And, of course, when we get overstimulated, we get overwhelmed. And when we’re in a state of overwhelm, all our handy and amazing depth of processing abilities go out the window until we’ve been able to recharge. I think of it as needing to hit my reset button.
I’ve found a couple things that work for me to keep my stimulation levels at optimum ranges. (I hate feeling overwhelmed and overstimulated. I’ve spent my whole life trying to fix it but am only just now finding ways to stay level.)
Earplugs are my friends. I’ve found that if I wear them in situations that normally exhaust me and make me cranky, I can maintain a nice, calm feeling for much longer. It’s been amazing, really. I bought some special ones meant for wearing to concerts that don’t muffle sounds but merely turn down the volume. I can still understand voices clearly (which comes in handy at the grocery store!), but I feel much calmer. It’s amazing. I wear them when I’m shopping — I find stores, especially certain ones like Walmart and the grocery store, very overstimulating and uncomfortable — when I’m tidying up with the kids, and when I’m in a large group of people surrounded by that buzzing talking noise. The difference they’ve made has been like night and day. And I work from home, so I pop them in when I need to focus, if I’m not wearing my earbuds and listening to Spotify. (Sometimes, even my favourite music is too much for me.)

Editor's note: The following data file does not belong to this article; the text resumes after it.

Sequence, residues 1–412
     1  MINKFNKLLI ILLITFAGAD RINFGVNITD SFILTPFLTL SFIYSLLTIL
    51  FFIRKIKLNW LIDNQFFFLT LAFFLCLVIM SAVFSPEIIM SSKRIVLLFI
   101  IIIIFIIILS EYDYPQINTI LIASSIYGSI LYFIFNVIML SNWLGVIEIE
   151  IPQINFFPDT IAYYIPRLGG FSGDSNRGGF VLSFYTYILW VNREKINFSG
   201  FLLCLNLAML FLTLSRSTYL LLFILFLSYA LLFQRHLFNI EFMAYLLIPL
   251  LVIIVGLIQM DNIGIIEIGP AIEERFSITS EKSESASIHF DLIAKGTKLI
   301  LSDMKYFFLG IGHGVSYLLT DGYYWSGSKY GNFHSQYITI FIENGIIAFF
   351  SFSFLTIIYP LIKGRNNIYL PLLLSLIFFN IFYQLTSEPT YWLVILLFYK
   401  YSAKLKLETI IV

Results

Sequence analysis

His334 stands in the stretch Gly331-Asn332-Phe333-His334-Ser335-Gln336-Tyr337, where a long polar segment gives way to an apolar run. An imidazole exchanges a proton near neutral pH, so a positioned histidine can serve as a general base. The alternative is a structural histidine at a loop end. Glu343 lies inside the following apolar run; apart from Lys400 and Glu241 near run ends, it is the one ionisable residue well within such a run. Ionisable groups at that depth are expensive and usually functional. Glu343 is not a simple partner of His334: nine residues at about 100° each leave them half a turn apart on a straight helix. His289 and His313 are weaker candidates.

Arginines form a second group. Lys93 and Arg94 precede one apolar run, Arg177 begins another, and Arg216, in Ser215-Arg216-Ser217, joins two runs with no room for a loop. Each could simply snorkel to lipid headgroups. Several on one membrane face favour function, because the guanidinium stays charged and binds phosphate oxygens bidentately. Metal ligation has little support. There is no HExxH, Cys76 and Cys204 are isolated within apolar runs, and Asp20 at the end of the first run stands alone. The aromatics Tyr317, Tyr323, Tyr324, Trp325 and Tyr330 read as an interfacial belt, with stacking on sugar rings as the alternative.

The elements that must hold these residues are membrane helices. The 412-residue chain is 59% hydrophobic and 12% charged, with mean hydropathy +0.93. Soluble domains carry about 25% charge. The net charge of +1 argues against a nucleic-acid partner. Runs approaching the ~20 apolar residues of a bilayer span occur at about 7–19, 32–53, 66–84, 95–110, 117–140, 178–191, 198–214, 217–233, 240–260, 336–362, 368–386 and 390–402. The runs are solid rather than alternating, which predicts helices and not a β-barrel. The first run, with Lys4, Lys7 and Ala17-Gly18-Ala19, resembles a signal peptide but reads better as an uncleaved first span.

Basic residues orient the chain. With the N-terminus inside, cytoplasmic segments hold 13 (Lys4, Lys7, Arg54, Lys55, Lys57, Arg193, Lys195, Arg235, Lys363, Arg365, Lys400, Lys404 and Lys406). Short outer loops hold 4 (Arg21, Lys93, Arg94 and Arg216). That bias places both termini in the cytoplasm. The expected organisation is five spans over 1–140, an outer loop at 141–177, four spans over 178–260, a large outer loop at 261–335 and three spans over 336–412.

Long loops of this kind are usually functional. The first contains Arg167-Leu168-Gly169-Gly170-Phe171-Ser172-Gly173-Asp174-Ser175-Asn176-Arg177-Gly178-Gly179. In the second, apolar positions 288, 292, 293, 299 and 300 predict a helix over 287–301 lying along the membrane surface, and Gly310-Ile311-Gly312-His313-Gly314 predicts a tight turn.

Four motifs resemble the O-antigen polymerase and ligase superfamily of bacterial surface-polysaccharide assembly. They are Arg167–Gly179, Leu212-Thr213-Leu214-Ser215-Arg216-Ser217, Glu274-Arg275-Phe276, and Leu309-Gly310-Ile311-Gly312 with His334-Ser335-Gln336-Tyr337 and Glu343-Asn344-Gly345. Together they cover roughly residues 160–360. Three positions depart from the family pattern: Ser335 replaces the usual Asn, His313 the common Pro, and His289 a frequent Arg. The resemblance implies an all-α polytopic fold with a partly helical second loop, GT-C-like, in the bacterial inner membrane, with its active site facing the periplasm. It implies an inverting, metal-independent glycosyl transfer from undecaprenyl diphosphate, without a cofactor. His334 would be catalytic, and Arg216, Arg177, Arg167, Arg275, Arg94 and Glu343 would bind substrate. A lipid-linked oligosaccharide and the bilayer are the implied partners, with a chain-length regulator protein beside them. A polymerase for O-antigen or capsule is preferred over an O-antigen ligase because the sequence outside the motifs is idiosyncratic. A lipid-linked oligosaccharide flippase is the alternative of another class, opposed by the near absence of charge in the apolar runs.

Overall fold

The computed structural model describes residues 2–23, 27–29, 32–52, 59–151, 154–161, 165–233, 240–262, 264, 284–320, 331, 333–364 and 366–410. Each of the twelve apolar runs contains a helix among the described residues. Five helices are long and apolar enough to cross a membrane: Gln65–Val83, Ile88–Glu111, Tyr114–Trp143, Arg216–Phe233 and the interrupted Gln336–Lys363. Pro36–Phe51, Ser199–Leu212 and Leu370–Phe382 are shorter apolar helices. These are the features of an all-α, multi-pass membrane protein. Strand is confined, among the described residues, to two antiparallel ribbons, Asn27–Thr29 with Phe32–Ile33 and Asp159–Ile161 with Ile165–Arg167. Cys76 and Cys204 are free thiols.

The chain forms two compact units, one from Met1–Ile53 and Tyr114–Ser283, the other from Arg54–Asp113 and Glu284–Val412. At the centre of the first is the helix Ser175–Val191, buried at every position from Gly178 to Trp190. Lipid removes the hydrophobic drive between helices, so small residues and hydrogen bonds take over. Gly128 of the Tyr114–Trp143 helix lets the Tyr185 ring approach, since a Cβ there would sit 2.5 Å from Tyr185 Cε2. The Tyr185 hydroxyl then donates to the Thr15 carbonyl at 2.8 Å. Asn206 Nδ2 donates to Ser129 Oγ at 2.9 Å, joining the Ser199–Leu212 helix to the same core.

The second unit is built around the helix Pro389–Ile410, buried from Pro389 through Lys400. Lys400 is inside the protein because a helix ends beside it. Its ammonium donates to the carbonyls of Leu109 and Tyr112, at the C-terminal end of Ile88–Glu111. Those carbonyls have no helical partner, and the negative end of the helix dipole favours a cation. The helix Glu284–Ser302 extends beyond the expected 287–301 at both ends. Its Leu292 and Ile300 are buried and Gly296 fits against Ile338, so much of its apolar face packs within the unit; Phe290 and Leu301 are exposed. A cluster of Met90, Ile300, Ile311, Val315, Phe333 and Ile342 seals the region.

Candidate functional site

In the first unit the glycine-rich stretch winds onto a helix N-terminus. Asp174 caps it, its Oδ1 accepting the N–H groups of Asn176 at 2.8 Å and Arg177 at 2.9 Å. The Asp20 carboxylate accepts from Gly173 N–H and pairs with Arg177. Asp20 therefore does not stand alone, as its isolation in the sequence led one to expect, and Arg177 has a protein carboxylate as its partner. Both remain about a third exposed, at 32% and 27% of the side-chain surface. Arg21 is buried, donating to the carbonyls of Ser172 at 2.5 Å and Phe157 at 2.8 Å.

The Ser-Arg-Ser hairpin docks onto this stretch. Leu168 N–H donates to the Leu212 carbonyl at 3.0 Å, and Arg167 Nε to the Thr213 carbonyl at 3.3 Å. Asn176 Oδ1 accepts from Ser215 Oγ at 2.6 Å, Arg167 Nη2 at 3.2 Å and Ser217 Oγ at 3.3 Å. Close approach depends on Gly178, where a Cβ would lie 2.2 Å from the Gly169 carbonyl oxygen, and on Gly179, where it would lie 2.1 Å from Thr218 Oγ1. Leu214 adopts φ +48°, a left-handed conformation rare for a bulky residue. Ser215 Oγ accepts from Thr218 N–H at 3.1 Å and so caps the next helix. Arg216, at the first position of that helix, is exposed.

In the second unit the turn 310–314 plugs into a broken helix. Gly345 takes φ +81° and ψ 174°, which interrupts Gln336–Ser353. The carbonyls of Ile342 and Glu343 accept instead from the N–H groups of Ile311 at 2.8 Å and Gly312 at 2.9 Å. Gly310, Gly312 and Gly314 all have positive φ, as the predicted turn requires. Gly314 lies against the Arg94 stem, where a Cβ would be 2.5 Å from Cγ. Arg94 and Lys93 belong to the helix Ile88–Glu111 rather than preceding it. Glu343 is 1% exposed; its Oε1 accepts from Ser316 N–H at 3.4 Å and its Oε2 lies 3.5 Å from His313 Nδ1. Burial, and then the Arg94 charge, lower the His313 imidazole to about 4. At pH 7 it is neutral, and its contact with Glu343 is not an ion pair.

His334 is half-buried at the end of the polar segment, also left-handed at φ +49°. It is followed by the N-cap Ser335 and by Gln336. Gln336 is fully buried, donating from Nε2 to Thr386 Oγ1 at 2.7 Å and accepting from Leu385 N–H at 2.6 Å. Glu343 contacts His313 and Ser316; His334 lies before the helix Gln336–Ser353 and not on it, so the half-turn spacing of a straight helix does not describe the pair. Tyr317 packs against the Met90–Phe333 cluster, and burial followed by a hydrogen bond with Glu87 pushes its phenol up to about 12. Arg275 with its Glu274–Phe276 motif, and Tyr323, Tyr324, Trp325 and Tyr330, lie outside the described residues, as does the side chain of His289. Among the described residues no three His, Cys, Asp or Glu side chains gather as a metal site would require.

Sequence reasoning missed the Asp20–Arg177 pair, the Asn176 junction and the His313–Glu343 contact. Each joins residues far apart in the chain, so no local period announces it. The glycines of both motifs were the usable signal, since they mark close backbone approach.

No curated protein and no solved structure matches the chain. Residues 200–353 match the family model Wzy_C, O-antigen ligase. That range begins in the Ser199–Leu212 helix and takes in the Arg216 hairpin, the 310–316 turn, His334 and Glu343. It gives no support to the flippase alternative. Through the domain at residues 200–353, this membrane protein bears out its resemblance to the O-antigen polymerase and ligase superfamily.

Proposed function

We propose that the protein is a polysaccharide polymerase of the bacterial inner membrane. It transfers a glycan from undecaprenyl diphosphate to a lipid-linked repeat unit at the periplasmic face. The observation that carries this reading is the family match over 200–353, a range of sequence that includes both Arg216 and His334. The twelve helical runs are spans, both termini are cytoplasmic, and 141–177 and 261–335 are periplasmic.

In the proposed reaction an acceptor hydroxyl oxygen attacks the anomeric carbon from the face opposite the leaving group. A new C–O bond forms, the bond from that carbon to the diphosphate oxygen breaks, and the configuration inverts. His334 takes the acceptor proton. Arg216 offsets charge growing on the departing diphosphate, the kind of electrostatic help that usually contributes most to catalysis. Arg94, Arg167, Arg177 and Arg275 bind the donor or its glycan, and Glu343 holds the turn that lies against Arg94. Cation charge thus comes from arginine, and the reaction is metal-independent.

I need quiet. I feel just as recharged after lying down in my quiet bedroom with my eyes closed for 30 minutes, whether I’m asleep or not, as I do after eating a good meal. I mean, I find quiet as essential as eating. In our family of seven, I have to seek it out intentionally. It makes me a nicer person.
I need to eat regularly because just the feeling of hunger is overstimulating. When I’m hungry, I can’t really think of anything else, even if I don’t realize I’m hungry. I can’t concentrate, I get snippy with people, and definitely don’t ask me questions because I won’t even know where to start to find an answer. Now that I know this, I’ve learned to answer any question with, “Let me eat first and then we’ll talk.”
I have limits. Some days, this makes me furious, but other days, they make me feel safe and protected inside them. I’ve learned that I can handle about two excursions a week on average. I can handle an occasional week that’s busier with an errand or two, but if I’m out of the house for 3 days in a row, I start to shut down. (This is normal. Home is familiar and low on the stimulation scale; being out is full of new stimuli and highly stimulating.) But as a creative (which I think is probably highly linked to the HSP trait), I’ve learned to value the down time and quiet. My best ideas and connections come during the “wasted” time — lying on the couch letting my mind wander, colouring with pretty markers, doodling, knitting. In other words, resting, doing the things that relax me. Achieving that state of Just Right. (I think, perhaps, that learning I can make a living doing these things has helped me to accept them as unwasted time. Weird, though, that I still feel like I’m cheating when I’m doing them.)
And now, I’m hungry and finding it hard to remember where I wanted to go with this little bit of writing, so I’ll stop for today. 🙂